So, if there were no scrapbook and no watch, no-one would have come up with James Maybrick as Jack the Ripper. This alone should be ringing our alarm bells. The fact that - once identified as 'Jack' and the research really began - James quickly became an increasingly more likely candidate rather than an increasingly less likely one should have had all the bells in Ripperdom ringing loudly and proudly, for the war was over with every peal of a bell anywhere in our minds.

    James Maybrick should never have been identified as Jack the Ripper. This is why he is so strong a candidate to be Jack.

    Ike
    Last edited by Iconoclast; 11-02-2019, 11:53 AM.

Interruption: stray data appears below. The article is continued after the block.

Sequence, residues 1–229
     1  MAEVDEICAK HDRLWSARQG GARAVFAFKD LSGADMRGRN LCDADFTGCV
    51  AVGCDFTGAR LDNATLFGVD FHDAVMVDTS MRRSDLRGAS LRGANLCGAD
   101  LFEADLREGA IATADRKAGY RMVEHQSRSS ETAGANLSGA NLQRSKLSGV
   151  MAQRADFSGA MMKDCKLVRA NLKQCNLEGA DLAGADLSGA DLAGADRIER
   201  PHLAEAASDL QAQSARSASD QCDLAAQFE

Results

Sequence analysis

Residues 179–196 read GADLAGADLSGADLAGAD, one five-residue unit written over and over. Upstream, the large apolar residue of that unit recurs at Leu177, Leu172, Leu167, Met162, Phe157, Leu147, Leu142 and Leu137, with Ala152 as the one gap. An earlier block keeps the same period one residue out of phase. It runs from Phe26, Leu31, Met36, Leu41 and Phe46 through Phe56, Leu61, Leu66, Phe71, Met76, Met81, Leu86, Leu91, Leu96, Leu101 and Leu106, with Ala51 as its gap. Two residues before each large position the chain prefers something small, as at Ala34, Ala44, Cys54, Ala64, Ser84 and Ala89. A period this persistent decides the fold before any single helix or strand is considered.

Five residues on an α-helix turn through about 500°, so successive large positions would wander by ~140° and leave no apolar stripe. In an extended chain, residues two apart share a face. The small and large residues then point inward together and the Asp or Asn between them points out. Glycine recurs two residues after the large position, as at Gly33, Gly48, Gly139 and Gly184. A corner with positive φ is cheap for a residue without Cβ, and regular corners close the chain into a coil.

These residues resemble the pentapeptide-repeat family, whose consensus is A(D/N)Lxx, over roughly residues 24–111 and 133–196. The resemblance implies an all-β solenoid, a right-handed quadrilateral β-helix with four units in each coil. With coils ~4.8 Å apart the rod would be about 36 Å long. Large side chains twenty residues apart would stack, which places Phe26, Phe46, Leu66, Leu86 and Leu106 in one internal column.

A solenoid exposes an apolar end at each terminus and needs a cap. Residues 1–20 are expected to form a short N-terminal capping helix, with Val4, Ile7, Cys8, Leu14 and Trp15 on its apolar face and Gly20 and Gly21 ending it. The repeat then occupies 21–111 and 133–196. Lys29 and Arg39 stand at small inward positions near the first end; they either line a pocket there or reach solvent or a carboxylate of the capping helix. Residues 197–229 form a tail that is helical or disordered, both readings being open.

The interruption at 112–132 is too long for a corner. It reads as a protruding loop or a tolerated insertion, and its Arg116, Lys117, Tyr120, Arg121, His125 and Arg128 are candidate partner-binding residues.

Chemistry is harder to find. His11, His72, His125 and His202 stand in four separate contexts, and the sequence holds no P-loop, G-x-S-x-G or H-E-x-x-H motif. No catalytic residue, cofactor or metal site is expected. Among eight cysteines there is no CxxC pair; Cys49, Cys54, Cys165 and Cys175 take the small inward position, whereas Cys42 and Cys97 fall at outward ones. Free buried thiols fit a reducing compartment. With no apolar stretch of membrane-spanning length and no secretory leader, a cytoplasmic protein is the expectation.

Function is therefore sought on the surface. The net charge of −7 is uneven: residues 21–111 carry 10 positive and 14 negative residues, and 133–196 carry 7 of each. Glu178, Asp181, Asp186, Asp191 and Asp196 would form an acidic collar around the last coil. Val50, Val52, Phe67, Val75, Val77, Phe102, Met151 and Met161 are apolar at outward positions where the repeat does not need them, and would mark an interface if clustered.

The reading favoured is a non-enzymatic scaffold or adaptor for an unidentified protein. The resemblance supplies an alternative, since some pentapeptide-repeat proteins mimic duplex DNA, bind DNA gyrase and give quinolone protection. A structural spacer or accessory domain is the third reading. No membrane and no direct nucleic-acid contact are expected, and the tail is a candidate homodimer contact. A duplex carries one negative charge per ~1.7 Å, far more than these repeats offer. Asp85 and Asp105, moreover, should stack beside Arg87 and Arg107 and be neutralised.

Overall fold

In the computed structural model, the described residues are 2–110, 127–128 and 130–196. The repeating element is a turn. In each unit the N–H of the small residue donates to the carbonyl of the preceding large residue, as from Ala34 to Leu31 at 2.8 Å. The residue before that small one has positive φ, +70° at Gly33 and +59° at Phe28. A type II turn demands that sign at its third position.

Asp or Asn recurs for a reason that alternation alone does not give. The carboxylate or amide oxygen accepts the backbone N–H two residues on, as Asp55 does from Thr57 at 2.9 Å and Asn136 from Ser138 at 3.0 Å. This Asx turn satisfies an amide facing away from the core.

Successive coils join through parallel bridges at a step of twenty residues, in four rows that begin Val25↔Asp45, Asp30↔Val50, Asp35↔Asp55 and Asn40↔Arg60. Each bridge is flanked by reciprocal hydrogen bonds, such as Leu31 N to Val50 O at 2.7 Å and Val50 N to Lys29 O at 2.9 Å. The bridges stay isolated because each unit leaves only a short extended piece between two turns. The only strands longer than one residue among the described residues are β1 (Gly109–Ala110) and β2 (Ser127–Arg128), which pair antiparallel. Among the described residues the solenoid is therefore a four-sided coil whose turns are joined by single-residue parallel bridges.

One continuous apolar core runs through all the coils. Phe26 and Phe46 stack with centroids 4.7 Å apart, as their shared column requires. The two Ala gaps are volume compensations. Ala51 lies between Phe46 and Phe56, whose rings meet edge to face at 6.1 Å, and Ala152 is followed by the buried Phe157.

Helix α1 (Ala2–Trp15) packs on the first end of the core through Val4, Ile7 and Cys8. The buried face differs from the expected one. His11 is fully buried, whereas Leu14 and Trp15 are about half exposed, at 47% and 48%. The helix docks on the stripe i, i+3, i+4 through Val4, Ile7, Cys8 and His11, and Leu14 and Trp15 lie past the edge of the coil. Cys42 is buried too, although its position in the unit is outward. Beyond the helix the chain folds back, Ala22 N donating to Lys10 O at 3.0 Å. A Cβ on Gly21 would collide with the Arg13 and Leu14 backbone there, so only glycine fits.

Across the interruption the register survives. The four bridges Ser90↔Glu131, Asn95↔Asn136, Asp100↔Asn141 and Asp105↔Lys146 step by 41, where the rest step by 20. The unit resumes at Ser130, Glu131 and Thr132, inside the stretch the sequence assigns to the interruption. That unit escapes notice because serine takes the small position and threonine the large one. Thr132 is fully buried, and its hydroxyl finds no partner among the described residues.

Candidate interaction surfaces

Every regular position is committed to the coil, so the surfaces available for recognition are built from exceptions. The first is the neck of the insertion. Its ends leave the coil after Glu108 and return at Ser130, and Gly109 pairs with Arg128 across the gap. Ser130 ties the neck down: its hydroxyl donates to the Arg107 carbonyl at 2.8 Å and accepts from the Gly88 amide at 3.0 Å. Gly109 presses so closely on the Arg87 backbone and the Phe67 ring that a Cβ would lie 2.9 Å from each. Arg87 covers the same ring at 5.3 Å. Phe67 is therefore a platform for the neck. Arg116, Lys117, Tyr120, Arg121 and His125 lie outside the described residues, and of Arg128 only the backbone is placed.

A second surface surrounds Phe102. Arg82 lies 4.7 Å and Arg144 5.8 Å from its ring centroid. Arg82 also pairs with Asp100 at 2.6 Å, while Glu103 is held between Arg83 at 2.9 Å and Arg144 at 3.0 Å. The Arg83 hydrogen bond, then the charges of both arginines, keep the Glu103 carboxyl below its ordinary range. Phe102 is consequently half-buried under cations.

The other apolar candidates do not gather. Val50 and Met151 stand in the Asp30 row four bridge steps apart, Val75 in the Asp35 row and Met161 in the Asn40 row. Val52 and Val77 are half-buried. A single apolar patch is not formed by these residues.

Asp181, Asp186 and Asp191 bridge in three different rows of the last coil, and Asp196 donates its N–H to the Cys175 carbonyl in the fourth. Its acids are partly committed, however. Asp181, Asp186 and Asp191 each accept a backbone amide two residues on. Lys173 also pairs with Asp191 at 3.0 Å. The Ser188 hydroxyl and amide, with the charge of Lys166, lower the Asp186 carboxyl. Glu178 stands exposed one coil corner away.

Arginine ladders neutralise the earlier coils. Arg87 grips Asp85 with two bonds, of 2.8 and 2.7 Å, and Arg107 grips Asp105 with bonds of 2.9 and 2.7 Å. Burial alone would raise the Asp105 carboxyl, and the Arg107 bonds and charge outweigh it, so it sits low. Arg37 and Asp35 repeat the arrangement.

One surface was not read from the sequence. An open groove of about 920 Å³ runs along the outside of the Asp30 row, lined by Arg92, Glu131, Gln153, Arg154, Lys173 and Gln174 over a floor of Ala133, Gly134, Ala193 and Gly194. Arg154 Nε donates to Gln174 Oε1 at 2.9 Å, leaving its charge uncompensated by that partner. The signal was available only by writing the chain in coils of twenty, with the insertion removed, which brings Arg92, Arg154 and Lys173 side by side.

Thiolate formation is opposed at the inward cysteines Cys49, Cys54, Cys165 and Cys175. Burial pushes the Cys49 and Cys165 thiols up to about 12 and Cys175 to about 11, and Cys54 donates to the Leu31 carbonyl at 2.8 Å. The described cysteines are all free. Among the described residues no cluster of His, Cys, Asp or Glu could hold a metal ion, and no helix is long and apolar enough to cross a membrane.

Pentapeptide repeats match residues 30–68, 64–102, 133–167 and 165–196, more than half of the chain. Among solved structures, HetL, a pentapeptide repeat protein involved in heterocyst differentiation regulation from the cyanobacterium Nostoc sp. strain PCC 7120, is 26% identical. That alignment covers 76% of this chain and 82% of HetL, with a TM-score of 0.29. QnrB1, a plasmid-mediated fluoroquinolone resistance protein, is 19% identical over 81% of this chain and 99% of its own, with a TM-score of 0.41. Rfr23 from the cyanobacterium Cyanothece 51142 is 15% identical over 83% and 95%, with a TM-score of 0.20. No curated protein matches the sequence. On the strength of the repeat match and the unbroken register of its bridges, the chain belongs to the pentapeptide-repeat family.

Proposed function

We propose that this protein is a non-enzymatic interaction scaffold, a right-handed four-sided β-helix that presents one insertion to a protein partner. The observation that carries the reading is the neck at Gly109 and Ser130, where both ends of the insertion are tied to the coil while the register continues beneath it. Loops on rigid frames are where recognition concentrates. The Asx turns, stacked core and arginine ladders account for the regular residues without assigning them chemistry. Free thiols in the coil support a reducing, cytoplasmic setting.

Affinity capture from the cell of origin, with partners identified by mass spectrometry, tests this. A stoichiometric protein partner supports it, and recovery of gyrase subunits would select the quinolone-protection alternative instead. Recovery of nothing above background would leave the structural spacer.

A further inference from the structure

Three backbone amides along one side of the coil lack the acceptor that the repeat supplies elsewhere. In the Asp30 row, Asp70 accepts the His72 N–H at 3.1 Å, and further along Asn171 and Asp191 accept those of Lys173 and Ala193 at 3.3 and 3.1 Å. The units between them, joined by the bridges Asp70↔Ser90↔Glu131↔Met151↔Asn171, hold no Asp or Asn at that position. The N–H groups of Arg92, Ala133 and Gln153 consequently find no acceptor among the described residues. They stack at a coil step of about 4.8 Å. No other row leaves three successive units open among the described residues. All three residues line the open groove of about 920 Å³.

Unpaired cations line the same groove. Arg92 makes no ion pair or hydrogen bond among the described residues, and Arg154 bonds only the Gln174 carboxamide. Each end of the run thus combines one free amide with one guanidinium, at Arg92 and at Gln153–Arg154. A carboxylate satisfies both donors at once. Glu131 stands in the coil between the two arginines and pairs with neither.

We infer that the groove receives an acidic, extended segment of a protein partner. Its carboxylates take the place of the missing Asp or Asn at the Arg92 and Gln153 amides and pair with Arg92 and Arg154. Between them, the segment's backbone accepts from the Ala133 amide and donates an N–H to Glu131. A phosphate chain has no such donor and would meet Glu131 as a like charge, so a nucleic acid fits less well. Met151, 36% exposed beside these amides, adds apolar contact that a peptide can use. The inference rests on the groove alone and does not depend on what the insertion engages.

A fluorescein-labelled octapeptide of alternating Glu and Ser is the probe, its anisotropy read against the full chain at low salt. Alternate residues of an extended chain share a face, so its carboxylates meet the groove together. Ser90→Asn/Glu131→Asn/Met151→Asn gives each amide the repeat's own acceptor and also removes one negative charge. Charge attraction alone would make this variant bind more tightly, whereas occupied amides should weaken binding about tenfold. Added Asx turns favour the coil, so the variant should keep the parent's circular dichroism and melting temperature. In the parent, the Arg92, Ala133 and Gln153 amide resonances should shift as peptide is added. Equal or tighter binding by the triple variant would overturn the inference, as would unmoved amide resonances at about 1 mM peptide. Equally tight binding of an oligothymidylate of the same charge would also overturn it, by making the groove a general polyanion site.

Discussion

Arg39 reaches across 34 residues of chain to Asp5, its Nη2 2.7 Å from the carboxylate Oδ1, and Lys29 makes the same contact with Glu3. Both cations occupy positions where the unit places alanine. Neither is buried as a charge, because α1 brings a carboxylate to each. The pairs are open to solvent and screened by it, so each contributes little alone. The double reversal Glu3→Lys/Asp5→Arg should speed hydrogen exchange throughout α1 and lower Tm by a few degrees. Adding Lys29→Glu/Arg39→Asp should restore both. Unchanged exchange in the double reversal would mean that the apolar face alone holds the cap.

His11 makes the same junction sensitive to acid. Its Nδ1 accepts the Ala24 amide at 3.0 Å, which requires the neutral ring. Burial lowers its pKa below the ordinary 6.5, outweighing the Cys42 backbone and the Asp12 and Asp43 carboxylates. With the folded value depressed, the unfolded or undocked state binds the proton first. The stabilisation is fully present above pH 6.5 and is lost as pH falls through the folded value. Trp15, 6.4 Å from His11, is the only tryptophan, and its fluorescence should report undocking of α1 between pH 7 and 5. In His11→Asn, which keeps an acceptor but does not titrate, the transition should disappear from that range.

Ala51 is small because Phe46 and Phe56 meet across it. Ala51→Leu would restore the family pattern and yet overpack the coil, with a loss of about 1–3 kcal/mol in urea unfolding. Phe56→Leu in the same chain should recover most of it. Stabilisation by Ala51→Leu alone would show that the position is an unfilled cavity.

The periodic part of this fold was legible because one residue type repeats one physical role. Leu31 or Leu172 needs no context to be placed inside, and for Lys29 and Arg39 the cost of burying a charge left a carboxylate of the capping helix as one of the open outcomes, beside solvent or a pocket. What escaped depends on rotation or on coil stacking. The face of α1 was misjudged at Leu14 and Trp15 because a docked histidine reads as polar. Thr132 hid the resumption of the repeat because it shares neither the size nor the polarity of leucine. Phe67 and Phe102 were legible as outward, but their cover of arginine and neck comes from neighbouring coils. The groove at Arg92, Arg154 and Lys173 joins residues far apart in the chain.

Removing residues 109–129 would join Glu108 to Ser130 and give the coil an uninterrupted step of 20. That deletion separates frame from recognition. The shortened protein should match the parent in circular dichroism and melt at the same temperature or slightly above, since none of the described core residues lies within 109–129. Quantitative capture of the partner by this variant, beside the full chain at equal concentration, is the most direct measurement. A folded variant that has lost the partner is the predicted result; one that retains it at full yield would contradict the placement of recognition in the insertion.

Leave a comment:


  • Trapperologist
    replied
    Originally posted by Iconoclast View Post

    Honestly, everyone, please keep the compliments coming, even if they are not 100% tried and tested for sincerity content. Tee hee. I'll happily take 'em all.

    Icon
    A Bit Like That Rocky Statue in Philly Only Without the Hat
    Yo Ikey, don’t be so modest! I’m sure if there was no Diary, you could have come up with James Maybrick as a suspect.

    Leave a comment:


  • Abby Normal
    replied
    Originally posted by Iconoclast View Post

    The good Lord Orsam will be spitting feathers in his Chigwell semi at my ridiculous mix-up regarding bolts. Clearly they are the harbingers of lightning rather than thunder. Tee hee.

    Ike
    actually I think thunder bolts and lightning bolts are synonymous-so you should be ok

    Leave a comment:

Working...
X